Vascular Innervation in Benign Neurofibromas of Patients with Neurofibromatosis Type 1


UNLABELLED: Neurofibroma constitutes a heterogeneous group of solid tumours occurring sporadically or in association with syndromes. The aspect of these peripheral nerve sheath tumours may vary considerably, with disseminated tumours covering various parts of the body or nodular/diffuse plexiform neurofibroma that can grow to an impressive size. Although neurofibromas have vascular density comparable to that of normal tissue, they have tendency to bleed upon surgery which is poorly understood. Herein we investigated whether this finding may result from alterations of peripheral vasculature innervation. Different types of neurofibroma and controls were evaluated with special reference to nerve fibre topography and vessel density.

MATERIALS AND METHODS: Seventy-six formalin-fixed and paraffin-embedded tissue samples (63 neurofibromas and 13 skin biopsies) were retrieved from the archives of the Institute of Neuropathology, University Medical Center Hamburg-Eppendorf. Nerve fibres and blood vessels were differentiated immunohistochemically on 10-μm-thick tumour slices using antibodies against smooth muscle actin (arteries), protein gene product 9.5 (PGP9.5) and neurofilament (nerve fibres). Skin samples served as controls. Nerve fibre and vessel densities were quantified morphometrically.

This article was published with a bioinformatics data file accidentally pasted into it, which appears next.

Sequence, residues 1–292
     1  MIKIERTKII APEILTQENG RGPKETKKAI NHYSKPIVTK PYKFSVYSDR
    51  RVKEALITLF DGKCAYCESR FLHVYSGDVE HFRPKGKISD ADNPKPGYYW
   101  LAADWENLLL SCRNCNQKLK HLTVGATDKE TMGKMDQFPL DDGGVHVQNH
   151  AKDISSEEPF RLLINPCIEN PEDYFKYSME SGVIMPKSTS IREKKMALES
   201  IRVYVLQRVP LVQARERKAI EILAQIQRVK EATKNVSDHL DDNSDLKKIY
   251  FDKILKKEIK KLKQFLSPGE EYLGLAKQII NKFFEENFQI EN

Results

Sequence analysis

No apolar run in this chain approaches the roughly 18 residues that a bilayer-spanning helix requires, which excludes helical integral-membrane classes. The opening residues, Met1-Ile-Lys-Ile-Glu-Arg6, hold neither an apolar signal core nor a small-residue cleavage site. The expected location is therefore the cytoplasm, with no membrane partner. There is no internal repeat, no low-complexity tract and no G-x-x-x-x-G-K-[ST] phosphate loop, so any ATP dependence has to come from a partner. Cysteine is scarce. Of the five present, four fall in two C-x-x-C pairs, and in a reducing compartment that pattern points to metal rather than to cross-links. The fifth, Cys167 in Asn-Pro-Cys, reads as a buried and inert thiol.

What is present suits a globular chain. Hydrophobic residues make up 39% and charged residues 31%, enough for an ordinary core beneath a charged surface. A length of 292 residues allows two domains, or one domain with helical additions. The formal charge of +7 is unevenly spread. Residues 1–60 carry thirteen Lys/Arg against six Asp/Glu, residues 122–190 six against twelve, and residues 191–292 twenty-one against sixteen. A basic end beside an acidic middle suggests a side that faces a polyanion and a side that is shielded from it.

RESULTS: Nerve fibre density varied considerably. However, vascular innervation did not statistically significantly differ between the different tumour sub-groups and controls. Vessel density was not significantly increased in tumours compared to skin biopsies. Within the tumour sub-groups, diffuse plexiform neurofibroma presented a significantly higher vascular density than atypical neurofibroma (p=0.006).

CONCLUSION: Blood vessel density and vascular innervation in the whole cohort of neurofibromas did not significantly differ from that of controls. Thus, the source of prolonged and intense bleeding of neurofibroma during surgical procedures cannot be explained by increased vessel density or loss of innervation, but may be attributed to other factors such as alterations in the structure of the vascular wall.

Bibliographical metadata

Original languageEnglish
Publication statusPublished - 12.2015
PubMed 26637864